A sixth-generation stealth fighter has already taken flight, a new class of nuclear missiles will soon fly through space and emerging hypersonic weapons are moving from design to production in record time all because of fast-moving digital engineering innovations.
Digital engineering, a method of using 3D virtualized representations and engineering models of new high-end platforms and weapons systems is already changing the Pentagon’s acquisition paradigm and exponentially accelerating the pace at which new systems become ready for war.
China and Russia are already claiming to fire operational hypersonic weapons, anti-satellite missiles and artificial intelligence-enabled systems propelled by quantum computing. China is raising alarm bells in Washington due to Beijing’s industrial capacity to build new carriers, amphibious assault ships and destroyers at a staggering pace. This may not mean that rival weapons systems and platforms truly rival U.S. ones, yet the pace of development continues to cause worry at the Pentagon, further inspiring this massive push to accelerate the development of new weapons through digital engineering.
As part of this effort, the Pentagon and all the military services are working with industry partners such as Raytheon to refine and implement digital engineering methods throughout the entire sphere of scientific and technologically-focused new weapons programs.
“We need to think about how to get faster. Our adversaries aren’t slowing down, and neither can we,” Madison Dye, WorldView Legion engineering lead, Space & C2 Systems, Raytheon Intelligence & Space, told The National Interest in an interview.
Part of the accelerated process, intended to shorten the developmental cycle and get cutting edge, new weapons technologies to war quickly, without compromising technical quality or sophistication, involves building weapons requirements directly into industry requests for proposals. This new procurement process also includes streamlining key procedures such as critical design reviews and preliminary design reviews for new weapons programs, Dye explained.
“Development won’t be done by powerpoint anymore. It will be accomplished through dedicated engineering conversations regarding technical data. This will drive down costs everywhere. We are handing over technical data through purely digital means in a digital environment,” Dye said.
Air Force Acquisition Executive William Roper, one of the early leaders and proponents of implementing digital engineering, describes the process as a “digital trinity,” consisting of software development, computer modeling and the integration of common technical infrastructure standards. Roper articulates his vision in a well-known essay he wrote called “There is No Spoon: The New Digital Acquisition Reality.”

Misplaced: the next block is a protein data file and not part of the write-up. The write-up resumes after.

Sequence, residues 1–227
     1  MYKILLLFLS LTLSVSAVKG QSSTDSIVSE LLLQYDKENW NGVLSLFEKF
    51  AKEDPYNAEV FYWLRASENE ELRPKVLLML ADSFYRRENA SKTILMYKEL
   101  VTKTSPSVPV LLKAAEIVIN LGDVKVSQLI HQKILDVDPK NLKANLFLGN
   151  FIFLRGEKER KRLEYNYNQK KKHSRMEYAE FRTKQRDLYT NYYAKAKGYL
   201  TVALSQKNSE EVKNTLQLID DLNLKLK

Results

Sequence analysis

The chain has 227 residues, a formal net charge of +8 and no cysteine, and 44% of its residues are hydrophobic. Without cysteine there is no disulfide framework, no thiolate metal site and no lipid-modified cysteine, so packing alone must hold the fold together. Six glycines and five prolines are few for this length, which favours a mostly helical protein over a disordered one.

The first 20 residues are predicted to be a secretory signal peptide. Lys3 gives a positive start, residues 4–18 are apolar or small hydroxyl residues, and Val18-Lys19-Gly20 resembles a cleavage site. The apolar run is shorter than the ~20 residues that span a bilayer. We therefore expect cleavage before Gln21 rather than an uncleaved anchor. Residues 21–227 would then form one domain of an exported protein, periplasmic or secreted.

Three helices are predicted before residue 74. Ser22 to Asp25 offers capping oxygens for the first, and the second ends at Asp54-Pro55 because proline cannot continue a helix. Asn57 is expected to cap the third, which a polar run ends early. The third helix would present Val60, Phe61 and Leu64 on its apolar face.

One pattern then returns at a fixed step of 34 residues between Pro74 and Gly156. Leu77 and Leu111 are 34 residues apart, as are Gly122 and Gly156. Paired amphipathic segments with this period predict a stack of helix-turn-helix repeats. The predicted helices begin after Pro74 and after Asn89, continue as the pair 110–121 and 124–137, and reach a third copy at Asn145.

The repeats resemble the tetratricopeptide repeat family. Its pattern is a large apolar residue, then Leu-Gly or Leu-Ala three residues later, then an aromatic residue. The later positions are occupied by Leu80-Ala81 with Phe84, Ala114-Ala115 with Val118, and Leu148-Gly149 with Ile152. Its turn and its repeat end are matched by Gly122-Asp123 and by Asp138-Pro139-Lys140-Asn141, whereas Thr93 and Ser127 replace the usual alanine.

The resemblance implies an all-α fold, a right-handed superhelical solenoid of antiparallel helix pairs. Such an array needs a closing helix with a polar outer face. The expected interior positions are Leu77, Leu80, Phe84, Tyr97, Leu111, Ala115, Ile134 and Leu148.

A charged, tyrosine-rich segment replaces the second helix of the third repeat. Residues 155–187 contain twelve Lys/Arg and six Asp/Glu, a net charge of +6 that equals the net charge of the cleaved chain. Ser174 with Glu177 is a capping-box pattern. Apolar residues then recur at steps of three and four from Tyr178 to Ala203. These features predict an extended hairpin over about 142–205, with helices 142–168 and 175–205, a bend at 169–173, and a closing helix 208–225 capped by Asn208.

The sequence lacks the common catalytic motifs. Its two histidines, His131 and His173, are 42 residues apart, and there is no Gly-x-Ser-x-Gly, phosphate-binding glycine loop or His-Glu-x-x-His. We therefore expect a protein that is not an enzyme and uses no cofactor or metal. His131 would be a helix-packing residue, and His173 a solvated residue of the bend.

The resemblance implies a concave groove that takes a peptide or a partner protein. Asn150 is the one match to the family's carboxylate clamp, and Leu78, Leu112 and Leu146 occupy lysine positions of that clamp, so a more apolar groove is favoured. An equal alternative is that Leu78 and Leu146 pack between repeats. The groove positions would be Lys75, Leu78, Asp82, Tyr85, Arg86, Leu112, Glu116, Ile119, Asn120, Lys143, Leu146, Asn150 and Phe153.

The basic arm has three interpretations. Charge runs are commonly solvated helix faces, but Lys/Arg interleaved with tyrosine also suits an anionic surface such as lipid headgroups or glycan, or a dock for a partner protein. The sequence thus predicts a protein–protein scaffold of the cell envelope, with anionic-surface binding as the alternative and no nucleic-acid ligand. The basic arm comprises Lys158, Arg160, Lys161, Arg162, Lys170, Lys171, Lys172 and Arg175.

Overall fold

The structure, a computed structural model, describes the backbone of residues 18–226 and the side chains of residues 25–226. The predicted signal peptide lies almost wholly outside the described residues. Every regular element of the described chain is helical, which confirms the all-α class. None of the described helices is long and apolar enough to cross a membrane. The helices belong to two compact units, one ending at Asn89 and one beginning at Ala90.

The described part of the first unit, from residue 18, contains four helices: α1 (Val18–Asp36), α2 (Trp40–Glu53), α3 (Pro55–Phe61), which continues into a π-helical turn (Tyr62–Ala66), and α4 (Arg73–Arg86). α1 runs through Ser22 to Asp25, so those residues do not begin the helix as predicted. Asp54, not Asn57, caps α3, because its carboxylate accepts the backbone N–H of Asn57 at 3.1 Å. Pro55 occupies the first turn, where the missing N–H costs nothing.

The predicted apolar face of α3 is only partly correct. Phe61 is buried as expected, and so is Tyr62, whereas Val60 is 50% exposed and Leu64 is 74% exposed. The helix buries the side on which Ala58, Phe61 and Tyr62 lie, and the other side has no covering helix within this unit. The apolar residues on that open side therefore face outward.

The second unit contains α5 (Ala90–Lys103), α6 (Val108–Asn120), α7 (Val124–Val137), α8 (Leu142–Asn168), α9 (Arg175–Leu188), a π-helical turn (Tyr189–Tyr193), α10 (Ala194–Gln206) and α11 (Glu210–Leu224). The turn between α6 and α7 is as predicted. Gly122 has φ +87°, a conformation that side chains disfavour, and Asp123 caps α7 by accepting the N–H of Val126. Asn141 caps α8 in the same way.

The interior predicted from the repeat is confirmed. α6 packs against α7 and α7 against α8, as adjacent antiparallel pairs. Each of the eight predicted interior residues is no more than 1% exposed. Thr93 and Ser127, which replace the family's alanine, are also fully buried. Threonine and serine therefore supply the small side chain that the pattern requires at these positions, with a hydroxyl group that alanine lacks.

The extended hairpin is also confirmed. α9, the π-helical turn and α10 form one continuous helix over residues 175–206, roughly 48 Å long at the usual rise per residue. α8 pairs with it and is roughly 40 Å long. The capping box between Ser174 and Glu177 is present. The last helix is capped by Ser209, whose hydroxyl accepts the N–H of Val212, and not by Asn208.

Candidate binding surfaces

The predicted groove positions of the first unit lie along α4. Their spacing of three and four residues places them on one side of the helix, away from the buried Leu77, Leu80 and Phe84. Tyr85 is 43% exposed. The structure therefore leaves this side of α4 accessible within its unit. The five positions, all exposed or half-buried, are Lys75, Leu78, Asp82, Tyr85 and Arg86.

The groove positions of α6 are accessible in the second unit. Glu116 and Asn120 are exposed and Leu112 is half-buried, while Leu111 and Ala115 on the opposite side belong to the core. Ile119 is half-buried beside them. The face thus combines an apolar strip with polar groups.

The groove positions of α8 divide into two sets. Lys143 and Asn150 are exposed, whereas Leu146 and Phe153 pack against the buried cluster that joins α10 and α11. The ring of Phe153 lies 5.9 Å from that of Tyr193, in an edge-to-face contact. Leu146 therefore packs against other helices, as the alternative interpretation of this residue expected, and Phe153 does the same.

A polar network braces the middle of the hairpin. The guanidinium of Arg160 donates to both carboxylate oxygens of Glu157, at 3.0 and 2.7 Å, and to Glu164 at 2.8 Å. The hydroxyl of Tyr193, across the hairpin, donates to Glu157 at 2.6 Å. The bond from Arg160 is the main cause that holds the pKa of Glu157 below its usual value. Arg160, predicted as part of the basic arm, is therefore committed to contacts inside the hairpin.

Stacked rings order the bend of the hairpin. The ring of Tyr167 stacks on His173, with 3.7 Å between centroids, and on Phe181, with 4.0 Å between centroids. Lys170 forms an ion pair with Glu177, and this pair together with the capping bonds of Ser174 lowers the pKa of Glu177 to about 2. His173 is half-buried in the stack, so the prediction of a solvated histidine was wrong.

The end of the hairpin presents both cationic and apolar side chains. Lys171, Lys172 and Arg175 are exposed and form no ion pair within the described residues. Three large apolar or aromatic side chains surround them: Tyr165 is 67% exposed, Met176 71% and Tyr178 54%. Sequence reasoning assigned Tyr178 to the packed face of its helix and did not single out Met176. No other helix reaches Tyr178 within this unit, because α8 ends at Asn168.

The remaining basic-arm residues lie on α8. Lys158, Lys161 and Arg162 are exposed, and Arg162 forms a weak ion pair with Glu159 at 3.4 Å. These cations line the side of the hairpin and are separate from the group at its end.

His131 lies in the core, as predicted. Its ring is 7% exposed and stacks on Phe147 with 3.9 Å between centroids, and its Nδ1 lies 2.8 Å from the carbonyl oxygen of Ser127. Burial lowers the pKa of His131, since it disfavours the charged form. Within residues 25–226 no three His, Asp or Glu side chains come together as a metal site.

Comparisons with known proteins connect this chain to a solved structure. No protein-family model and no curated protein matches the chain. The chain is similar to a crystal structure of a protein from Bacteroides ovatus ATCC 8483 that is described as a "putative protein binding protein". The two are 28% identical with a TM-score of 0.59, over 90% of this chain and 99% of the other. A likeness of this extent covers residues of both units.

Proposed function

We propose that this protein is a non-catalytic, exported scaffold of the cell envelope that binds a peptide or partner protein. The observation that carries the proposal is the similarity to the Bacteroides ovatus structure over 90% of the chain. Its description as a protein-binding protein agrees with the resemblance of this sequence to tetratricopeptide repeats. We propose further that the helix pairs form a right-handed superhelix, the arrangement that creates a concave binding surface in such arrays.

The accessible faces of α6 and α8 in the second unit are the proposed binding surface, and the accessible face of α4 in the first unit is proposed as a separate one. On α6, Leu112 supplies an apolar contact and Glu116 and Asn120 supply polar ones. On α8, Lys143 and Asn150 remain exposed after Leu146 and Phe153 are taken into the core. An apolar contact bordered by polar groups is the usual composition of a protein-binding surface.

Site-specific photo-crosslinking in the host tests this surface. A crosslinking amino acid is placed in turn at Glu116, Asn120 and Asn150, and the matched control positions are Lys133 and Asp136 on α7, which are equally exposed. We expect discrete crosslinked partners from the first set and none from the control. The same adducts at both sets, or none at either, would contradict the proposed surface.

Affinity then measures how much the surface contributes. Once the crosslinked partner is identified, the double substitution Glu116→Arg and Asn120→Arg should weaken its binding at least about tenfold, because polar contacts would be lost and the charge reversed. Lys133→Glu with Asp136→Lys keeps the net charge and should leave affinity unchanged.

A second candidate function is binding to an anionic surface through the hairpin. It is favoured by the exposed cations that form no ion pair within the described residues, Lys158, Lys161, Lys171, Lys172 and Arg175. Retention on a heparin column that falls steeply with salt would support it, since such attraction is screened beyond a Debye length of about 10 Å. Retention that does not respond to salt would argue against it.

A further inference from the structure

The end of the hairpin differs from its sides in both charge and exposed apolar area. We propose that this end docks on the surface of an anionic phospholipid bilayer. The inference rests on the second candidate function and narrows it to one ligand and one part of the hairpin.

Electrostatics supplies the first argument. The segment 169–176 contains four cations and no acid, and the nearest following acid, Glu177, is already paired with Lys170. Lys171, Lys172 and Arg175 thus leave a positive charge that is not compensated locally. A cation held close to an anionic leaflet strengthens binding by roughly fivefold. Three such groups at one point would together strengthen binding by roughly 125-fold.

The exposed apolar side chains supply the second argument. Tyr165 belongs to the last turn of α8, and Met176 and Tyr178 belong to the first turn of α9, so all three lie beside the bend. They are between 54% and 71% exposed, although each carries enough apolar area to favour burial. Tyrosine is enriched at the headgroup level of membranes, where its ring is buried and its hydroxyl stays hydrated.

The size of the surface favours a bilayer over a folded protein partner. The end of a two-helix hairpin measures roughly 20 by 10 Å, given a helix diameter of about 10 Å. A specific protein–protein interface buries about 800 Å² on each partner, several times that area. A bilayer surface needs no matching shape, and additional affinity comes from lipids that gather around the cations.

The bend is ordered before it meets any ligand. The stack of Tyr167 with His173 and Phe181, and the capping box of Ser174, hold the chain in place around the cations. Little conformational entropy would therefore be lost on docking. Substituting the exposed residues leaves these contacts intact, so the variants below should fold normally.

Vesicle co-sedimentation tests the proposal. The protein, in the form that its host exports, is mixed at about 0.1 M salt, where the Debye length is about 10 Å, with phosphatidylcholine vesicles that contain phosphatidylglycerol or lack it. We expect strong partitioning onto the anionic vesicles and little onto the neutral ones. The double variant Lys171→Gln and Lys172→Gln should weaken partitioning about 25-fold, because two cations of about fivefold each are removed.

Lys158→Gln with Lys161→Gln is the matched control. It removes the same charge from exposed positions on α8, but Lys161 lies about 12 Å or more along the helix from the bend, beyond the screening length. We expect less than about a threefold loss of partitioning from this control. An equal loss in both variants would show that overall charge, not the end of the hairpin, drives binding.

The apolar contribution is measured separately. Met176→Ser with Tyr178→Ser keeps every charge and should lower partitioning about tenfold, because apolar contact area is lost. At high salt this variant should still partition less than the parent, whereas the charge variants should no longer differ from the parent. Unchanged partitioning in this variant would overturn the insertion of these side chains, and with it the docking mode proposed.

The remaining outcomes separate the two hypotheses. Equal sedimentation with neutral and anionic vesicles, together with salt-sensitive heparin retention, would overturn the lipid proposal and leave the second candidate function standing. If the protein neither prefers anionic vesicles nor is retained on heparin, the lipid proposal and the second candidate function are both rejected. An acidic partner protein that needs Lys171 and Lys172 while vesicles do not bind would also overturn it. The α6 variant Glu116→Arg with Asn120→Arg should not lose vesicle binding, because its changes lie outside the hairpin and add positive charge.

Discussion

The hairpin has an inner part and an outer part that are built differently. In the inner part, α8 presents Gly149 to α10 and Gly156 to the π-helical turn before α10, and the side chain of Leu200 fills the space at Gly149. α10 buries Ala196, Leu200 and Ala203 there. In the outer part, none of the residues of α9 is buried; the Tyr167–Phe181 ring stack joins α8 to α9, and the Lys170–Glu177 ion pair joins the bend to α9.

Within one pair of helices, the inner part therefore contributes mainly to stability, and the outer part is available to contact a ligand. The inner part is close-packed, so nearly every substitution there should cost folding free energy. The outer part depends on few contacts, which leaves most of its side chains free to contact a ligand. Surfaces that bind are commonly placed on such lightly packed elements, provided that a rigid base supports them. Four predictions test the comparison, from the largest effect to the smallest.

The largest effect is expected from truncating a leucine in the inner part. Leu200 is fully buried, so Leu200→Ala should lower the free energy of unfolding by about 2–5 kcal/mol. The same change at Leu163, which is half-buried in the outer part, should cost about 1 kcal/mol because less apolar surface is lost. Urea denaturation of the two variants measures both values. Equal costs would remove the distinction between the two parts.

“This “digital trinity”—digital engineering and management, agile software, and open architecture—is the true successor to stealth: the next big paradigm shift for military three tech dominance. Rather than just building better systems, it builds systems better—opening doors to faster design, seamless assembly, and easier upgrades—and not a moment too soon!,” Roper writes in his essay.
These new, already proven innovations, were put to the test with the Air Force’s Next Generation Air Dominance sixth-generation aircraft which has already taken flight as well as the service’s Ground Based Strategic Deterrent program to build a new class of Intercontinental Ballistic Missiles. Both of these programs are moving quickly, bringing new unprecedented measures of efficiency, speed, accuracy and effectiveness to an acquisition process typically encumbered by multi-year, bureaucratic milestones and procedures.
“With digital acquisition, the digital lifecycle must become as real as the physical one, and then eventually, even more real. One day we should design particular eSystems and view “printing” them in reality as unnecessary, even wasteful, as printing electronic documents today,” Roper’s paper explains.
Instead of building large groups of unproven and somewhat unexamined prototypes, weapons developers can perform needed analytics upon virtual replications and design models of what a particular offer might look like.
“Whoever is building a system can clearly see in a visual way what the parts look like and move them onto a digital screen in a 3D sense to see how things come together. How can we use digital engineering to make the physical manufacturing worth our time and cost efficient?” Dye explained.
Kris Osborn is Defense Editor for the National Interest. Osborn previously served at the Pentagon as a Highly Qualified Expert with the Office of the Assistant Secretary of the Army—Acquisition, Logistics & Technology. Osborn has also worked as an anchor and on-air military specialist at national TV networks. He has appeared as a guest military expert on Fox News, MSNBC, The Military Channel, and The History Channel. He also has a Masters Degree in Comparative Literature from Columbia University.